If vaccination rates hold the key to our recovery, and if the BoC’s forecast is underpinned by our federal government’s planned vaccination timeline, then tracking actual vaccination rates relative to that timeline will provide us with a useful gauge of how our economic momentum is lining up with the Bank’s projections.
Last week the Bank of Canada (BoC) provided its latest assessment of the economic landscape both at home and abroad via its policy statement, Governor Macklem’s accompanying press conference, and the issuance of its latest Monetary Policy Report (MPR).
There had been speculation that the BoC might cut its policy rate, which our variable mortgage rates are priced on, but that didn’t happen. Nonetheless, the Bank did offer several valuable insights that are noteworthy for anyone keeping an eye on Canadian mortgage rates.
Here are my thoughts on five of the Bank’s key messages:
Today, mainstream economic forecasts fall within a fairly narrow band.
The narrative, in simple form, acknowledges that we’re in for a tough winter but predicts that we’ll be on our way back to normal not long after the snow melts, thanks to widespread vaccinations. After that, most forecasters expect our economy to rebound robustly and inflation to surge, as consumers unleash the cash they saved up during the lockdown.
In recent posts I have challenged several of the assumptions on which this view is built. Here is a summary of my key counter-arguments:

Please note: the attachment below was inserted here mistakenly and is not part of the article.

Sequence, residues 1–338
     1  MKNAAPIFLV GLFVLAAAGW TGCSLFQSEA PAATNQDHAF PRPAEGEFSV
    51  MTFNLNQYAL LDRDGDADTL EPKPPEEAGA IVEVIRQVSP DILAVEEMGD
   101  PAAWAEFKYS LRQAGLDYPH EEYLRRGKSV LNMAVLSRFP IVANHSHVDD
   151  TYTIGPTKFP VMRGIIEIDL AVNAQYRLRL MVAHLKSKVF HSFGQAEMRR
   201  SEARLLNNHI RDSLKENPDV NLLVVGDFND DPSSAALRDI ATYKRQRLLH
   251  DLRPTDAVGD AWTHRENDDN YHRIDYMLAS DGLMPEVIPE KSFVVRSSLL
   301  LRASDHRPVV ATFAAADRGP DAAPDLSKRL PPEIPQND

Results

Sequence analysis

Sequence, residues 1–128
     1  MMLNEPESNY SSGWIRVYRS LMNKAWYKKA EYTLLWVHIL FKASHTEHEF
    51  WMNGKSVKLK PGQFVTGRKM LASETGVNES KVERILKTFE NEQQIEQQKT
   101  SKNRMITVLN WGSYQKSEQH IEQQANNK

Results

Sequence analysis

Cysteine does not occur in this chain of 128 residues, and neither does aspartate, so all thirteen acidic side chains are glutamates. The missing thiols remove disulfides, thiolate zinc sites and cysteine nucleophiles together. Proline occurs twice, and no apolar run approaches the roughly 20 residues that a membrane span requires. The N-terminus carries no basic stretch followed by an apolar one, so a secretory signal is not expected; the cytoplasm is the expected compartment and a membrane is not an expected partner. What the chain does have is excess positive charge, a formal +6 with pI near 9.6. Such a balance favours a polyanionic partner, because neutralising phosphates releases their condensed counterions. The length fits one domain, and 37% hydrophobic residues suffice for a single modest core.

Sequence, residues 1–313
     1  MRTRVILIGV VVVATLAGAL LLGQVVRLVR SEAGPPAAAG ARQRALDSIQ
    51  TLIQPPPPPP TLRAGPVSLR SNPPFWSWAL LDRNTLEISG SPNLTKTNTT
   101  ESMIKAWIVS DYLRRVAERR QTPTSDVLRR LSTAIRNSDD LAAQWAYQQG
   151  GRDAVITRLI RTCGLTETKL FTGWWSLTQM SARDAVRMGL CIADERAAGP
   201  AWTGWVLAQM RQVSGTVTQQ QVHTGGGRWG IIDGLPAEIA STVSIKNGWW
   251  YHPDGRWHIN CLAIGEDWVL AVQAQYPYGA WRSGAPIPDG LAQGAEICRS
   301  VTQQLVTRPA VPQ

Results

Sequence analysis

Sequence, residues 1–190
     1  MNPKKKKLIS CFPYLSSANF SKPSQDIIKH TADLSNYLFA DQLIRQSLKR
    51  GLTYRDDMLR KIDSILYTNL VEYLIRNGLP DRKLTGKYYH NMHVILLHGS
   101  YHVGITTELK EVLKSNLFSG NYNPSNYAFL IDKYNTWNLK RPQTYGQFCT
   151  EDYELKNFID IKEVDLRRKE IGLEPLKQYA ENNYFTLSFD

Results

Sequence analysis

In last week’s post I offered my interest-rate forecast for the year ahead.
I contrasted our hope that vaccines will bring an end to the pandemic and breathe life into our economy with our fear that record-high infection rates and the reintroduction of lockdowns will inflict further economic damage in the interim.
Our latest jobs data, released last Friday, provided a snapshot of how COVID-19’s second wave has impacted employment. The picture wasn’t pretty.
We begin 2021 with our glasses half full – and that’s not just because our New Year’s celebrations were cancelled.
On the one hand, recently approved vaccines give us hope that we will beat the pandemic back and return to normal activities sometime this year. But on the other hand, spiking infection rates have necessitated the reintroduction of lockdown restrictions that will severely test our resolve over the near term.
Against that backdrop, and in keeping with my annual tradition, here is my interest-rate forecast for the year ahead.
I would like to wish my readers a healthy and happy holiday season.
I’ll be off until the new year. In the meantime, here are links to my recent blog posts that address five key mortgage questions:
- Is Another Bank of Canada Rate Cut on the Way?
- Have Canadian Mortgage Rates Bottomed?
- What Will Happen to Mortgage Rates When the Pandemic Ends?
- Should You Choose a Fixed- or Variable-Rate Mortgage? (Right Now It’s No Contest)
- When Will Canadian Mortgage Rates Rise?
When the Bank of Canada (BoC) slashed its policy rate from 1.75% to 0.25% in March, it said that it had reached its lower bound, which in central-bank parlance means the bottom of its range.
The Bank has confirmed many times since then that it has no plans to drop its policy rate into negative territory and that it would only consider doing so as a last resort.
But what about that last 0.25%? Have circumstances evolved to the point where the BoC might adjust its lower bound and drop its policy rate again?